Please take the survey at https://bcon.aibs.org/2020/08/17/2nd-natural-history-collections-and-covid-19-survey-operational-status-economic-impacts-and-plans-for-reopening/

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Prepare Your Resume, Hone Your Interview Skills

Registration is open for the Employment Acquisition Skills Boot Camp for Scientists, an online professional development program from the American Institute of Biological Sciences (AIBS).

Science, technology, engineering, and mathematics (STEM) graduate programs in the United States do an excellent job of preparing students for careers in academia. As early career professionals and a growing number of reports note, however, many STEM graduates (including those with advanced degrees) are interested in employment in sectors beyond the professoriate.

Scientists continue to report that they feel ill-prepared and ill-equipped to pursue employment in these settings.

To help scientists identify and successfully transition into the careers they desire, the American Institute of Biological Sciences (AIBS) developed Employment Acquisition Skills Boot Camp for Scientists. This intensive multi-day program blends lecture and hands-on exercises. Designed by scientists with years of work experience in diverse settings and a career coach, the program provides graduate students to senior scientists with the information, tools, and resources required to successfully identify and secure employment in a diversity of careers, including science policy, communications, researchers or program managers in the private sector, research funding organizations, non-profit management, international development, government agencies, and others.

Course participants will:

  • Identify and clarify career interests and opportunities;
  • Learn to communicate their knowledge and skills to employers;
  • Develop strategies for finding employment;
  • Develop application materials with feedback from instructors;
  • Prepare for and practice different interview styles and scenarios.

Current graduate students and post-doctoral fellows, and scientists interested in transitioning to a new employment sector should consider signing up.

This course will be offered online in three half-day sessions conducted on September 25, October 2, and October 9, 2020. The program will be offered live from 12:00 - 3:30 PM Eastern Time.

For more information, including a general program agenda, and to register, please visit: https://www.aibs.org/events/employmentbootcamp.html

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Enter the 2020 Faces of Biology Photo Contest

Enter the Faces of Biology Photo Contest for your chance to win $250 and to have your photo appear on the cover of the journal BioScience.

The competition, sponsored by the American Institute of Biological Sciences (AIBS), recognizes scientists who use imagery to communicate aspects of biological research to the public and policymakers.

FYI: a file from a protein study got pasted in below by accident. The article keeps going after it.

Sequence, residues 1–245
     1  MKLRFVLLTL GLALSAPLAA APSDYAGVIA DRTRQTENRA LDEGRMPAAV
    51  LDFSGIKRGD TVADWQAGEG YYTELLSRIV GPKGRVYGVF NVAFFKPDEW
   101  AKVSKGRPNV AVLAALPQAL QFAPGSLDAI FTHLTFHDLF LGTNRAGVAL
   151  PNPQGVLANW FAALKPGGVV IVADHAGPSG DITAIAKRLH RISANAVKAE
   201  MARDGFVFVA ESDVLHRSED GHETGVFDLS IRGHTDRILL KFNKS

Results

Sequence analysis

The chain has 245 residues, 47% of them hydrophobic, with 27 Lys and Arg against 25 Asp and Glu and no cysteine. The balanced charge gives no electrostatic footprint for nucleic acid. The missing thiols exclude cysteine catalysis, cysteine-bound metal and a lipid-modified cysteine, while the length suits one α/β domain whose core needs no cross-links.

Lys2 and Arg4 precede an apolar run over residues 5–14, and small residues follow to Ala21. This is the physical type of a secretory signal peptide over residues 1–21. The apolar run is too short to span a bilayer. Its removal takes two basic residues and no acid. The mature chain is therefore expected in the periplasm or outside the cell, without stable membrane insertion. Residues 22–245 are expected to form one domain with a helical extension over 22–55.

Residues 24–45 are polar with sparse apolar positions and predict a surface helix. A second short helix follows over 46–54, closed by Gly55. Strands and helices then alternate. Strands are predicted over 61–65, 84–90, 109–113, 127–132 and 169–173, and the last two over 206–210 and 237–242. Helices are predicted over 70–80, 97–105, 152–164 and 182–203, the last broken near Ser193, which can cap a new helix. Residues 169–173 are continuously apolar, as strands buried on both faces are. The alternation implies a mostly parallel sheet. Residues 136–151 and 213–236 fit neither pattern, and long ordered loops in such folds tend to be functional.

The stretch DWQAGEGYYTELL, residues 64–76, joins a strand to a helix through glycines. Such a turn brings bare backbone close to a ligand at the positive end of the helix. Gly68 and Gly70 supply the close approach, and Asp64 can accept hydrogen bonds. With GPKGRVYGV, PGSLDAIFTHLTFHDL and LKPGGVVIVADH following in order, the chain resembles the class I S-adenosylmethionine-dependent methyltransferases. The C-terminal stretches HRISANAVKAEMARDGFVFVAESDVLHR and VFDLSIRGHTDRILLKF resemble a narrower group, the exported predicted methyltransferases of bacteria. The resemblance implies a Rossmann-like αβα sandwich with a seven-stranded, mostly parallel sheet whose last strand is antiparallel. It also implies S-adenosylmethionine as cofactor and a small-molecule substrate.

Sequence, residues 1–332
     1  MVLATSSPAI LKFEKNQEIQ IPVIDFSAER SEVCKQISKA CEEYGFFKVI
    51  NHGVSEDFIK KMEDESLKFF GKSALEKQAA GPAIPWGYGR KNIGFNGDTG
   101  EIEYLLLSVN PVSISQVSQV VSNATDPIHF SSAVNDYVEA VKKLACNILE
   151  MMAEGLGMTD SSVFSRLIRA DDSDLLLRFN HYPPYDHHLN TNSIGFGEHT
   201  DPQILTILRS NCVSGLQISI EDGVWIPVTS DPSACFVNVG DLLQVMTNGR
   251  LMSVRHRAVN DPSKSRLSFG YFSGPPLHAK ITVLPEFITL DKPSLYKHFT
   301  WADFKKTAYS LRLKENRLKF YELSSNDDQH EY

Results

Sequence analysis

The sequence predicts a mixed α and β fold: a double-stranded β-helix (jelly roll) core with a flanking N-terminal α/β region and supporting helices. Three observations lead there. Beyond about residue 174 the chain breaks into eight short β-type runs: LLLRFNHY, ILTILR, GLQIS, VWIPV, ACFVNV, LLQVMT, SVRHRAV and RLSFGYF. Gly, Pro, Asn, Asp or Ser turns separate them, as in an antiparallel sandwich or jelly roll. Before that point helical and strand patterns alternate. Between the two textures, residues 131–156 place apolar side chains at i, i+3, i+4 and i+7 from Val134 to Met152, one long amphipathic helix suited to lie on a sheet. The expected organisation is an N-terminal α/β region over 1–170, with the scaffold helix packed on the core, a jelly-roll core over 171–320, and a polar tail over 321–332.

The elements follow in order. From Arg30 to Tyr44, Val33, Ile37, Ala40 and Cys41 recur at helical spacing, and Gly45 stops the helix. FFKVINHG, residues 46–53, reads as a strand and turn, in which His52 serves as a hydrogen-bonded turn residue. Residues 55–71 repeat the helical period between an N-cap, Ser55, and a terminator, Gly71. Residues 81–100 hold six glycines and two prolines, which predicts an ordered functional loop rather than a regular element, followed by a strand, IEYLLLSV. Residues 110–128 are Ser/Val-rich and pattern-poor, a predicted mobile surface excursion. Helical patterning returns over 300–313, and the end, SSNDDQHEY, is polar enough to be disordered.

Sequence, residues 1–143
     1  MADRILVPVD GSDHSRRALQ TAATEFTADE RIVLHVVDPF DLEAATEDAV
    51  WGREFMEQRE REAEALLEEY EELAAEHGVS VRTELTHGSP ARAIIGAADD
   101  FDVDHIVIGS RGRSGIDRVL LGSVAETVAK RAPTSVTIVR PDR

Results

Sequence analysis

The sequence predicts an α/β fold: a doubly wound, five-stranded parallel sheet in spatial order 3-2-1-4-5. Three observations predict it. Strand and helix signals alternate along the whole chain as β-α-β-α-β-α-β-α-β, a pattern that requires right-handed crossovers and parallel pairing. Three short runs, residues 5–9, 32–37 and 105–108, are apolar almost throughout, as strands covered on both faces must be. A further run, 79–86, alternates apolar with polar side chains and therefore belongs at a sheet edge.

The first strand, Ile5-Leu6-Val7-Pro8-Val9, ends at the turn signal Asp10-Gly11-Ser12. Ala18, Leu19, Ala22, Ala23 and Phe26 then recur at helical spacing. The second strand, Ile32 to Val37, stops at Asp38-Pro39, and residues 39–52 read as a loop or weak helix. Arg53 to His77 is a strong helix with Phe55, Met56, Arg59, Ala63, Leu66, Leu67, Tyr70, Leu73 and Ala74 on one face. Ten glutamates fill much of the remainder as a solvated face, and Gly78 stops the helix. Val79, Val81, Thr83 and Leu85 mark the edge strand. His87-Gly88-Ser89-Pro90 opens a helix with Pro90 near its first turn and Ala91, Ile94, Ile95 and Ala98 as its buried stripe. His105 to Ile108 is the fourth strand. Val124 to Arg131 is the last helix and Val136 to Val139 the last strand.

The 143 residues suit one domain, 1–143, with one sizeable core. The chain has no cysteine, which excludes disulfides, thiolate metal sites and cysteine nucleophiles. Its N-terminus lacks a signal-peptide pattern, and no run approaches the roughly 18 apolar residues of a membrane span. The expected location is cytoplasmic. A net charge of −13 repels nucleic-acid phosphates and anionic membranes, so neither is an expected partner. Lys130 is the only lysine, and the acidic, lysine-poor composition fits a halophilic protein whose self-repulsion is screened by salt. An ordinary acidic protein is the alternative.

The theme of the contest is “Faces of Biology.” Photographs entered into the contest must depict a person, such as a scientist, researcher, collections curator, technician, or student, engaging in biological research. The depicted research may occur outside, in a lab, with a natural history collection, on a computer, in a classroom, or elsewhere.

The COVID-19 pandemic has changed how science is being conducted in 2020. You are invited to share how you are conducting your research in these unusual times.

The First Place Winner will have his/her winning photo featured on the cover of BioScience, and will receive $250 and a one year subscription to BioScience. The Second and Third Place Winners will have his/her winning photo printed inside BioScience, and will receive a one year subscription to BioScience.

The winning photo from the 2019 contest was featured on the cover of the April 2020 issue of BioScience.

Submissions must be received by 11:59:59 p.m. Eastern Time on September 30, 2020.

For more information or to enter the contest, visit https://www.aibs.org/public-programs/photocontest.html.

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Short Takes

  • The National Academies of Sciences, Engineering, and Medicine (NASEM) has shared a collection of freely available resources to support the participation and advancement of women in science, technology, engineering, mathematics, and medicine (STEMM). These include reports that explore the wide range of structural, cultural, and institutional patterns of bias, discrimination, and inequity that affect women, and the steps that can be taken to increase representation in STEMM. Read more at: https://notes.nap.edu/2020/08/25/resources-to-increase-the-participation-and-advancement-of-women-in-stemm/

  • The National Academies recently appointed the ad-hoc committee for the Oil in the Sea IV: Inputs, Fates, and Effects consensus study. The committee will hold its first public meeting virtually on September 18, 2020 from 11:00 AM to 6:00 PM EDT to explore the study's statement of task with sponsors and stakeholders. The committee will provide an update of the previous report's (Oil in the Sea III: Inputs, Fates, and Effects, 2003) inventory of the sources, composition, and quantity of hydrocarbon inputs as well as an assessment of the state of the science on the fate and effects of fossil fuel hydrocarbons in the marine environment. Register here.

  • The National Academies of Sciences, Engineering, and Medicine is inviting nominations for experts to serve on a panel that will provide advice to help clinicians respond to patient concerns about testing blood or urine for exposure to per- and polyfluoroalkyl substances (PFAS). Fourteen members are sought with expertise in environmental epidemiology, exposure science, occupational and environmental medicine, analytical chemistry, medical toxicology, environmental sociology, and bioethics. Any questions or comments about the study should be sent to EBoyle@nas.edu. Nominations will be accepted until September 7, 2020 at https://www.surveygizmo.com/s3/5764442/NOMINATE-AN-EXPERT-Guidance-on-PFAS-Testing-and-Health-Outcomes